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Thursday, April 26, 2018

Russian scientist who invented nerve agent that poisoned Russian spy and his daughter in UK is knocked down by car

The scientist who created nerve gas Novichok, which was used in poisoning former spy Sergei Skripal in the UK, has been hit by a car in Russia.

Vladimir Uglev, 71, was hit at a pedestrian crossing near his home, which is close to the Black Sea resort of Anapa. He jumped on to the bumper and crashed through the windscreen in order to avoid getting under the wheels of the vehicle.

The accident left him with injuries to his head, arms, and legs. Uglev was strong enough to talk following the crash after undergoing an MRI for his head injuries.

He said: "I noticed that the car was going fast, not slowing down ahead of the crossing. I started to run and nearly reached the end of the crossing, when the car got me."

The driver of the vehicle was an unidentified 70-year-old man who lived locally, according to The Bell news. He was said to have stopped at the scene after the incident and a police investigation is currently underway to determine what caused the crash.

Uglev, who first synthesised Novichok in 1975 when he was working for the USSR, said he did not believe he was targeted deliberately. The nerve gas Novichok is at the centre of an international row between Russia and the UK. Uglev has been widely quoted since the British claim it was used in a chemical weapon attack on ex-Russian spy Sergei Skripal, 66, and his daughter Yulia, 33.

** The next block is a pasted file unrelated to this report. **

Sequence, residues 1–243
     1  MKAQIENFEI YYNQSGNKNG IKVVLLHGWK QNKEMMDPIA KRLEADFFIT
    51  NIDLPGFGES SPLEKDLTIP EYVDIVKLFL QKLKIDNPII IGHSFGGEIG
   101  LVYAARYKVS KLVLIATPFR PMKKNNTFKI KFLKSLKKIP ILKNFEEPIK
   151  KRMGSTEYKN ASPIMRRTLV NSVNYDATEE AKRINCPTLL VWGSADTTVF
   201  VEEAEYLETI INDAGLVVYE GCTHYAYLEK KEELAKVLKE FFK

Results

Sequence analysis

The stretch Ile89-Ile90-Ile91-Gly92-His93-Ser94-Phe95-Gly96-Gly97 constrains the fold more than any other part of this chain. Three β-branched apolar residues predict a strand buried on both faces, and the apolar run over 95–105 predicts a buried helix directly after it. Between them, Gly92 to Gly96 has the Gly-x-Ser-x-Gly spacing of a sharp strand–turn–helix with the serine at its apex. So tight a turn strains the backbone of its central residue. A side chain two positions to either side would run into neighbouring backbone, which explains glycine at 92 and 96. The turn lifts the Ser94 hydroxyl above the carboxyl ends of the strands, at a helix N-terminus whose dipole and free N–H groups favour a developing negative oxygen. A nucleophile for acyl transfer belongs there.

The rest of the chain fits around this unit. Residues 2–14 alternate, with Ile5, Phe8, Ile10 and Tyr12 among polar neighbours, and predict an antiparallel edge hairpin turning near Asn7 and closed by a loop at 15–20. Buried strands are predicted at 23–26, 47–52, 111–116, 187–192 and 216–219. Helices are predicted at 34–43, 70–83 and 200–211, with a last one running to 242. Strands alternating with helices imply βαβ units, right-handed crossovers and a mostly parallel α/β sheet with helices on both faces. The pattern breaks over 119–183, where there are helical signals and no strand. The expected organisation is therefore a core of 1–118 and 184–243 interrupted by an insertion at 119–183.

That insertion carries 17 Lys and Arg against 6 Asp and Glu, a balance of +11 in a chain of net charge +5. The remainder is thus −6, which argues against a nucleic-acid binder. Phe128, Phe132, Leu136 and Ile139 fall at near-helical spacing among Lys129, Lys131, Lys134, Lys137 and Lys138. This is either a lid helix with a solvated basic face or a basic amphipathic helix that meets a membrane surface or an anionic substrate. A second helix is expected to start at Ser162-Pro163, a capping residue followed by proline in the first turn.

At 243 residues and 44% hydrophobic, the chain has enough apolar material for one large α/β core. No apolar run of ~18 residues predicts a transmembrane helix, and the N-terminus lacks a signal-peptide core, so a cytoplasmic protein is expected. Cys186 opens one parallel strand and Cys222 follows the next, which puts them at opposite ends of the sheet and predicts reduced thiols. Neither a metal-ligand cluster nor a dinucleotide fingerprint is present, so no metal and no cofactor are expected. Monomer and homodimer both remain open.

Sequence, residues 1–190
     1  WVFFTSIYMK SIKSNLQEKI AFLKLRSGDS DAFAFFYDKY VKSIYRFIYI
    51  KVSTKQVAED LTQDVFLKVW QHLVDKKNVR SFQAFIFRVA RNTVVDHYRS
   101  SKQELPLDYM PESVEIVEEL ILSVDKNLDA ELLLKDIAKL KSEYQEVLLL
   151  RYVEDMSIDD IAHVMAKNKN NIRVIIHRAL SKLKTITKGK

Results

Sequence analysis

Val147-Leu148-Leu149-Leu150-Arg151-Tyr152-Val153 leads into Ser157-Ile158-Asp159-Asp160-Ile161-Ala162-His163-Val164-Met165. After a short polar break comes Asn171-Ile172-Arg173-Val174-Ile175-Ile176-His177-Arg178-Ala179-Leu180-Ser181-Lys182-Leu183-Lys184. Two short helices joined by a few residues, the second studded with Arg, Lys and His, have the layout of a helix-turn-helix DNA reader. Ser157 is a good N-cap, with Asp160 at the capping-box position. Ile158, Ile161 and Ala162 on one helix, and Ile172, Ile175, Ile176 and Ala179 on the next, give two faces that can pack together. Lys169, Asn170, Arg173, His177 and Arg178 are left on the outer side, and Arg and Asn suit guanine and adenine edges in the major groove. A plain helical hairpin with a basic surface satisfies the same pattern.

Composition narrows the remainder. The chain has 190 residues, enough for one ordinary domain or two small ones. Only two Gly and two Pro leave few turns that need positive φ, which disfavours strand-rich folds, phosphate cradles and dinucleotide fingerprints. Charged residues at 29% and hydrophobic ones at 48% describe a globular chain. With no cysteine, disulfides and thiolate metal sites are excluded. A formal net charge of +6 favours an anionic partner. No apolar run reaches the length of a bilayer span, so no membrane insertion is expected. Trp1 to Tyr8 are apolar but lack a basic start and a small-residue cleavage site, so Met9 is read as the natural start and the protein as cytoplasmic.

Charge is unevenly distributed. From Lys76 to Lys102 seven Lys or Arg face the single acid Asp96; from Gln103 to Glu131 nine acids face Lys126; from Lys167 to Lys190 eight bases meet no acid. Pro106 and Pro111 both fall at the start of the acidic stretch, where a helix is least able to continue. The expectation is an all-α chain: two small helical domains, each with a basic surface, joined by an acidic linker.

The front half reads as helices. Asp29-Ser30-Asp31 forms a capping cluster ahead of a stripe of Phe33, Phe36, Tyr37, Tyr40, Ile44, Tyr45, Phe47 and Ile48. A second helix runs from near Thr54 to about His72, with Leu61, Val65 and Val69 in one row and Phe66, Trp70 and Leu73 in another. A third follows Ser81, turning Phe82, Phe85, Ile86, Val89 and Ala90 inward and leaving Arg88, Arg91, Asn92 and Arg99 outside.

Sergei Skripal and daughter Yulia Skripal

Following the attack on Skripal, Uglev made some comments regarding Novichok which may have upset Russian officials. He raised concerns about the security of Russian nerve agent stocks after the collapse of the USSR and said he could not exclude some lab workers might have been tempted to sell toxic substances.

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